Earlier this year The Open Air Laboratories (OPAL) network announced that they had made grants available to UK natural history societies and recording schemes. OPAL are a multipartner organization that aims “to create and inspire a new generation of nature-lovers by getting people to explore, study, enjoy and protect their local environment.” They are funded by the Big Lottery Fund.
Traditionally funding has been very scarce for amateur entomologists so I was very keen to apply for some – despite the rather pesimistic grumblings I got from other entomologists. Coincidentally I had been experimenting with unit-tray drawers and could see that this was the way I should be keeping my expanding collection so I had an immediate project to be funded – to rehouse the Tachinid Recording Scheme’s collection into cabinets with drawers fitted-out for unit-trays.
I did some research and the choice was between modern, steel cabinets; hand-made wooden cabinets; or second-hand Hill’s units from ex-museum stock. In the end I went for the steel cabinets (new) fitted with recycled, ex-museum, hardwood drawers (from the NHM) with unit trays (new but also from the NHM). The steel cabinets are sealed units and should provide a really pest-proof primary barrier against museum/carpet beetle (Anthrenus), which is common in most houses, while the tried & trusted hardwood drawers will provide a secondary barrier. This should mean that I need to use the minimum of insecticides/chemicals against pests – something that I am keen to do because I have to breath the air around these cabinets on a daily basis!
There was a little problem with the minimum requirements that all applicants must meet, but Lucy Carter at OPAL was very helpful and made it very clear that we were the kind of organization that they wanted to support. So, after a little negociation, OPAL changed their rules to allow me to apply through another society that fulfilled their requirements – such as the Amateur Entomologist’s Society (AES). Dafydd Lewis (the AES Secretary) was very helpful and agreed to support my application so after a few evenings of work pulling together costings and writing out my application form we got the application in just in time to meet the July 31st deadline! I waited nervously until a few days ago when I received the message I had been waiting for from Lucy Carter to say that they had approved my grant for the full/maximum amount allowed – 2000 pounds!! This money will be suplimented by 650 pounds of my own money to form the project funding.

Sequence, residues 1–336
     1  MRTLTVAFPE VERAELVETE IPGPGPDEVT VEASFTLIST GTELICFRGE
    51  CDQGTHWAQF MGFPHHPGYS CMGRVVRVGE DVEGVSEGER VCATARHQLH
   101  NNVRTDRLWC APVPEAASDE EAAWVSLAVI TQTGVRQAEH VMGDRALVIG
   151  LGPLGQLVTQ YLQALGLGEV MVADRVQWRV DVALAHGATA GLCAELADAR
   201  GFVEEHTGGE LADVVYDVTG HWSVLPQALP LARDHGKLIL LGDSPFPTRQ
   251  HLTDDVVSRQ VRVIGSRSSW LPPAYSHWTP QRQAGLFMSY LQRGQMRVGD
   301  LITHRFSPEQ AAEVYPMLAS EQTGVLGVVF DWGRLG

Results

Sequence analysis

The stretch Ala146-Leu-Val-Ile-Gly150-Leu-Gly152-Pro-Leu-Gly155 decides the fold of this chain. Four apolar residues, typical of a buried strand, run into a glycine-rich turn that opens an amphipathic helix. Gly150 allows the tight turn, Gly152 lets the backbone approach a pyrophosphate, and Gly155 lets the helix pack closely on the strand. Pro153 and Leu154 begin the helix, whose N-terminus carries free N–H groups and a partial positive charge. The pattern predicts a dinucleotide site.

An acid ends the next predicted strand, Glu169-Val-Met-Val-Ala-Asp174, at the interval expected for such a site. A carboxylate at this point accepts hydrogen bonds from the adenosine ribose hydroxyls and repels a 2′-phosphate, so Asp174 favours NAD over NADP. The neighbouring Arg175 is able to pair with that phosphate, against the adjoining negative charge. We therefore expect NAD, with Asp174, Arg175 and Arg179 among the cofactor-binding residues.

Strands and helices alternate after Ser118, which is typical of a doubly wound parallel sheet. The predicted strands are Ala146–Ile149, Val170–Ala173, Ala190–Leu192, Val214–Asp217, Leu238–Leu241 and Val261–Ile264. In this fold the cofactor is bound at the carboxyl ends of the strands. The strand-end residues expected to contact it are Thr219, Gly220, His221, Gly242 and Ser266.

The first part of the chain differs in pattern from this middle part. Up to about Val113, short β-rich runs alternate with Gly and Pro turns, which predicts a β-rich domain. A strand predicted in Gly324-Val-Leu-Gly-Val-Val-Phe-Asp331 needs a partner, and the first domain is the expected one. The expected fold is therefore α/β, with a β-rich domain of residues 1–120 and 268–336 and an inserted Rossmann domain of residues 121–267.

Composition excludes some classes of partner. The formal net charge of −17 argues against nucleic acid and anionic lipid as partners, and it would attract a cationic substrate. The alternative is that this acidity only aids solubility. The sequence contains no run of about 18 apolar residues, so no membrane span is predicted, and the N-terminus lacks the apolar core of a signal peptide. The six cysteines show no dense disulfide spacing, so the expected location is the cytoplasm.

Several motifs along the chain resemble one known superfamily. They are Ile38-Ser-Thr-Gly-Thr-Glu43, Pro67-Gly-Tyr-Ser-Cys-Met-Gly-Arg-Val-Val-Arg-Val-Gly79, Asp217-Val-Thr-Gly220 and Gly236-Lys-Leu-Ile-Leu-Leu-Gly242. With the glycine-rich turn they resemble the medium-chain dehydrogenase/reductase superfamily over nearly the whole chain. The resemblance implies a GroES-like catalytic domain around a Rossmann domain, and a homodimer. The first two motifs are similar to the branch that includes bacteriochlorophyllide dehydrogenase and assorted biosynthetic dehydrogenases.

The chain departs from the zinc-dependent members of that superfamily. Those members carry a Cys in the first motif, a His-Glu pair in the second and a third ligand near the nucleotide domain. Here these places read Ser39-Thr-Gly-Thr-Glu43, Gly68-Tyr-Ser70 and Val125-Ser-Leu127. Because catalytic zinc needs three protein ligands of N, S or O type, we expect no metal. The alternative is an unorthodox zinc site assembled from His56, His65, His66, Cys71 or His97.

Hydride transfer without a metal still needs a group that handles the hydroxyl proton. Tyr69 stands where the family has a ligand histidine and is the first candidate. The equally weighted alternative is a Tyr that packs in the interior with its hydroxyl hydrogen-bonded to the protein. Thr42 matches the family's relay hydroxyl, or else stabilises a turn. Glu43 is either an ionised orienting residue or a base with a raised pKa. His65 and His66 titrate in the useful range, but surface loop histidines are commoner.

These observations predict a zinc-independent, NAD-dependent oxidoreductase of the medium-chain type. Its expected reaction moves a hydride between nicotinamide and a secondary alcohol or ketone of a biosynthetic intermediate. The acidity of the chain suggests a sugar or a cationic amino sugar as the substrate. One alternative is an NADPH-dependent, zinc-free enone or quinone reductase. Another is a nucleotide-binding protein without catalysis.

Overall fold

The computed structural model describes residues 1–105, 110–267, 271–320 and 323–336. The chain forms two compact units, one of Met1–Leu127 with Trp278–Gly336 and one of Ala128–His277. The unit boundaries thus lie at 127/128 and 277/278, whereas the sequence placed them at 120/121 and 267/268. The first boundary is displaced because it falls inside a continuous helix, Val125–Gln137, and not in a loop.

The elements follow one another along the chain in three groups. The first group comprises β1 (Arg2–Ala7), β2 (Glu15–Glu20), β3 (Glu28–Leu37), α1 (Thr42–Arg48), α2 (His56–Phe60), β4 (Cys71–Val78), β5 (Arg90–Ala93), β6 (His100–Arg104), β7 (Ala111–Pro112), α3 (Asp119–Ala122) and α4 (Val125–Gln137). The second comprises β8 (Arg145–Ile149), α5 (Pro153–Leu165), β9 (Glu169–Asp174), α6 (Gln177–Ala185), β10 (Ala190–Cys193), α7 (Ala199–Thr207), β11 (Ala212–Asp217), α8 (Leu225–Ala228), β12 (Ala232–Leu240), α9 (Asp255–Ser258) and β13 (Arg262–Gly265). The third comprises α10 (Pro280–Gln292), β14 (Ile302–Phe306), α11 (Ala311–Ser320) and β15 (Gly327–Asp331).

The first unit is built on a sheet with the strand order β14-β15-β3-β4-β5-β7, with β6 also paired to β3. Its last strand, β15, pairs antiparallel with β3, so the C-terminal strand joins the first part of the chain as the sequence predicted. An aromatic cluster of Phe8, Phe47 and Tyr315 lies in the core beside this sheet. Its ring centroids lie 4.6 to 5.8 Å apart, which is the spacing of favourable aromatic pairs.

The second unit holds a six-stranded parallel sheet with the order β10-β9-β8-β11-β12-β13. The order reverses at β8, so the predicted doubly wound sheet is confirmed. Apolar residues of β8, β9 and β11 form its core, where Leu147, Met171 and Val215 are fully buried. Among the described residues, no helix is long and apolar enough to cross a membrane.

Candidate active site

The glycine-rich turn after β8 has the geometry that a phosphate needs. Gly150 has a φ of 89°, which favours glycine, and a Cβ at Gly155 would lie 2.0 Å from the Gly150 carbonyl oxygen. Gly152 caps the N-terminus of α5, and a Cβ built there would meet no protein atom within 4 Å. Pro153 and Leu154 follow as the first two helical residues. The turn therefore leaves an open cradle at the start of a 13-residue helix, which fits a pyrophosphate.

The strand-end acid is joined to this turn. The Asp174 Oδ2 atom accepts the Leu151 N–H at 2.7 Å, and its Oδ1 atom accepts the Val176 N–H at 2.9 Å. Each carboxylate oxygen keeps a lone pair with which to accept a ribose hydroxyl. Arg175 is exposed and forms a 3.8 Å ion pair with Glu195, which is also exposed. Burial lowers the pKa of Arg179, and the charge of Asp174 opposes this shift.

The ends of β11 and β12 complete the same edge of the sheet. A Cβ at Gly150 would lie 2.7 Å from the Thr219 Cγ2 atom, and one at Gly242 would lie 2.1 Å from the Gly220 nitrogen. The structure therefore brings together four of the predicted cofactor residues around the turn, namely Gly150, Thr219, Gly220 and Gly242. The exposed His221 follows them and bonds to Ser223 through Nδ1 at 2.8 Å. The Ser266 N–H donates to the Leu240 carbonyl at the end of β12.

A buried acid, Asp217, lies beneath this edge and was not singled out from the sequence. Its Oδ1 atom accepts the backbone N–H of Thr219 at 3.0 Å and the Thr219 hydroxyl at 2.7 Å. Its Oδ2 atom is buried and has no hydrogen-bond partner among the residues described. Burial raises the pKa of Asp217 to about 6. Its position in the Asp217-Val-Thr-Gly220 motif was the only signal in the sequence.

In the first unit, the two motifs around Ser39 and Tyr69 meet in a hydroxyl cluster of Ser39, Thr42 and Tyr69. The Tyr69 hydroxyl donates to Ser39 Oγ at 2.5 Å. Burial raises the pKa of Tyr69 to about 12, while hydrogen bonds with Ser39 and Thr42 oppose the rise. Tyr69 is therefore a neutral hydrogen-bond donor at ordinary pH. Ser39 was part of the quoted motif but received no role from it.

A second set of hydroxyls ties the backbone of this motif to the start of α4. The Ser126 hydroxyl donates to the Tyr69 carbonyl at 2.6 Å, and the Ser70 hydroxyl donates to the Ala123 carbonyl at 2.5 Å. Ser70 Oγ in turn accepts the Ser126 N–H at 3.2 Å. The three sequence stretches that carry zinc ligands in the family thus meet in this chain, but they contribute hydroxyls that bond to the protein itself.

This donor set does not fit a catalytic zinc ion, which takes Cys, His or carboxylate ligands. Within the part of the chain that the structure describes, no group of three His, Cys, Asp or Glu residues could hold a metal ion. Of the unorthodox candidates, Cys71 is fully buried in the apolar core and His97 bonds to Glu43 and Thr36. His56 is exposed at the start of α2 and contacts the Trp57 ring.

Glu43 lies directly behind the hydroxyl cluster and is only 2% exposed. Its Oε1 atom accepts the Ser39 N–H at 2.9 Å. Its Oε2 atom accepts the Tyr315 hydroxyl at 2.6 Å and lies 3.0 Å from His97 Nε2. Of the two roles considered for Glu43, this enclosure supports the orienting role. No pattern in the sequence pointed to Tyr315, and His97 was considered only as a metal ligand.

This was really great news and marks a quantum leap in the way the recording scheme will work from now on. Instead of storing all specimens in jumbled store boxes with all the attendant problems (bad organization & greater risk of damage/pests) we will store our main collection in state-of-the-art cabinets. Every species will be catalogued in a logical way and it will be easy to find anything I need for comparisson. At the moment the palearctic collection fills 11 non-standard (wide) drawers so in a standard cabinet I am expecting it to fill at least 15 drawers (with expansion space in each drawer) and the new cabinets will give me a total of 40 drawers. This sounds a lot of space but actually I am sure that I will fill this over the next 5-10 years because I receive at least 300 specimens from foreign donors every year.
So, although I haven’t received the money yet, I would still like to thank everyone at OPAL for their very generous grant and the AES for their support in the application process! 🙂